And the Verdict on Justice
Kennedy Is: Guilty
The Washington Post
By Dana Milbank
Saturday, April 9, 2005; Page A03
Supreme Court Justice Anthony M. Kennedy is a fairly
accomplished jurist, but he might want to get himself a good
lawyer -- and perhaps a few more bodyguards.
Conservative leaders meeting in Washington yesterday for a
discussion of "Remedies to Judicial Tyranny" decided that
Kennedy, a Ronald Reagan appointee, should be impeached, or
Phyllis Schlafly, doyenne of American conservatism, said
Kennedy's opinion forbidding capital punishment for juveniles "is
a good ground of impeachment." To cheers and applause from those
gathered at a downtown Marriott for a conference on "Confronting
the Judicial War on Faith," Schlafly said that Kennedy had not
met the "good behavior" requirement for office and that "Congress
ought to talk about impeachment."
Next, Michael P. Farris, chairman of the Home School Legal
Defense Association, said Kennedy "should be the poster boy for
impeachment" for citing international norms in his opinions. "If
our congressmen and senators do not have the courage to impeach
and remove from office Justice Kennedy, they ought to be
impeached as well."
Not to be outdone, lawyer-author Edwin Vieira told the
gathering that Kennedy should be impeached because his
philosophy, evidenced in his opinion striking down an anti-sodomy
statute, "upholds Marxist, Leninist, satanic principles drawn
from foreign law."
Ominously, Vieira continued by saying his "bottom line" for
dealing with the Supreme Court comes from Joseph Stalin. "He had
a slogan, and it worked very well for him, whenever he ran into
difficulty: 'no man, no problem,' " Vieira said.
The full Stalin quote, for those who don't recognize it, is
"Death solves all problems: no man, no problem." Presumably,
Vieira had in mind something less extreme than Stalin did and was
not actually advocating violence. But then, these are scary times
for the judiciary. An anti-judge furor may help confirm President
Bush's judicial nominees, but it also has the potential to turn
A judge in Atlanta and the husband and mother of a judge in
Chicago were murdered in recent weeks. After federal courts
spurned a request from Congress to revisit the Terri Schiavo
case, House Majority Leader Tom DeLay (R-Tex.) said that "the
time will come for the men responsible for this to answer for
their behavior." Sen. John Cornyn (R-Tex.) mused about how a
perception that judges are making political decisions could lead
people to "engage in violence."
"The people who have been speaking out on this, like Tom DeLay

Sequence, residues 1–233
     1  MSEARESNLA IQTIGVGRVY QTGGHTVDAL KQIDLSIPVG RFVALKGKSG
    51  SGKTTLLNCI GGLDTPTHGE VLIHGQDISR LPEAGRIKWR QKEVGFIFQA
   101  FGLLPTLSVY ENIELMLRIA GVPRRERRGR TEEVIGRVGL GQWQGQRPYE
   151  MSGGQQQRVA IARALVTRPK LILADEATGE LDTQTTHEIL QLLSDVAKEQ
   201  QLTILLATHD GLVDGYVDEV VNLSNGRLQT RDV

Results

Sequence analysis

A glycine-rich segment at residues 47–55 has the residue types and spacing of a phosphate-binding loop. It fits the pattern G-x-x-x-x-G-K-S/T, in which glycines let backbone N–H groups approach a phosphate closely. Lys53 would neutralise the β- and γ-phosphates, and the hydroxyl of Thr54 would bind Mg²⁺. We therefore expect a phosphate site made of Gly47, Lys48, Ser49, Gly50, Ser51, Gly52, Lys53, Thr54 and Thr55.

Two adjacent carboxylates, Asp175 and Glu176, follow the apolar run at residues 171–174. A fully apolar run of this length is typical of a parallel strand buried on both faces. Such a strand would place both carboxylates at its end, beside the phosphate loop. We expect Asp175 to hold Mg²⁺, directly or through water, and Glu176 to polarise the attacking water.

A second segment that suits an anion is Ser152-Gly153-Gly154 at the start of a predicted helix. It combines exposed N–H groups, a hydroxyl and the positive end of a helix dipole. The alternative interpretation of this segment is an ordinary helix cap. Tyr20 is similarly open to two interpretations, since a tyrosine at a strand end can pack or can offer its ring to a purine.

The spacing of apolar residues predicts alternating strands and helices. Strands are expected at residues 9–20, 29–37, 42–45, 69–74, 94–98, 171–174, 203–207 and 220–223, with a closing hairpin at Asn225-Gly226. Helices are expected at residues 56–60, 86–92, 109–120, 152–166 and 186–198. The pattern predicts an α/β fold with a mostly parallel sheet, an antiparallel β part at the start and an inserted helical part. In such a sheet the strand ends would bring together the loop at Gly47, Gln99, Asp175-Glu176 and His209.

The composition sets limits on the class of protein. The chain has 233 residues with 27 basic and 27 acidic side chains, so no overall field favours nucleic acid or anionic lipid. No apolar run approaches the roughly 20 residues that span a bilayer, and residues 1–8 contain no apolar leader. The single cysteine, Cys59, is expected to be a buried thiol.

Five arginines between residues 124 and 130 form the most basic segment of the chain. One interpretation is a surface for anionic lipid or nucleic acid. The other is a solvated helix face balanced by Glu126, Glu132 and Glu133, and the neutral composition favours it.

and Senator Cornyn, need to be backed up," Schlafly said to
applause yesterday. One worker at the event wore a sticker
declaring "Hooray for DeLay."
The conference was organized during the height of the Schiavo
controversy by a new group, the Judeo-Christian Council for
Constitutional Restoration. This was no collection of fringe
characters. The two-day program listed two House members; aides
to two senators; representatives from the Family Research Council
and Concerned Women for America; conservative activists Alan
Keyes and Morton C. Blackwell; the lawyer for Terri Schiavo's
parents; Alabama's "Ten Commandments" judge, Roy Moore; and
DeLay, who canceled to attend the pope's funeral.
The Schlafly session's moderator, Richard Lessner of the
American Conservative Union, opened the discussion by decrying a
"radical secularist relativist judiciary." It turned more harsh
Schlafly called for passage of a quartet of bills in Congress
that would remove courts' power to review religious displays, the
Pledge of Allegiance, same-sex marriage and the Boy Scouts. Her
speech brought a subtle change in the argument against the courts
from emphasizing "activist" judges -- it was, after all, inaction
by federal judges that doomed Schiavo -- to "supremacist" judges.
"The Constitution is not what the Supreme Court says it is,"
Former representative William Dannemeyer (R-Calif.) followed
Schlafly, saying the country's "principal problem" is not Iraq or
the federal budget but whether "we as a people acknowledge that
Farris then told the crowd he is "sick and tired of having to
lobby people I helped get elected." A better-educated citizenry,
he said, would know that "Medicare is a bad idea" and that
"Social Security is a horrible idea when run by the government."
Farris said he would block judicial power by abolishing the
concept of binding judicial precedents, by allowing Congress to
vacate court decisions, and by impeaching judges such as Kennedy,
who seems to have replaced Justice David H. Souter as the target
of conservative ire. "If about 40 of them get impeached, suddenly
a lot of these guys would be retiring," he said.
Vieira, a constitutional lawyer who wrote "How to Dethrone the
Imperial Judiciary," escalated the charges, saying a Politburo of
"five people on the Supreme Court" has a "revolutionary agenda"
rooted in foreign law and situational ethics. Vieira, his
eyeglasses strapped to his head with black elastic, decried the
"primordial illogic" of the courts.
Invoking Stalin, Vieira delivered the "no man, no problem"
line twice for emphasis. "This is not a structural problem we
have; this is a problem of personnel," he said. "We are in this
mess because we have the wrong people as judges."
A court spokeswoman declined to comment.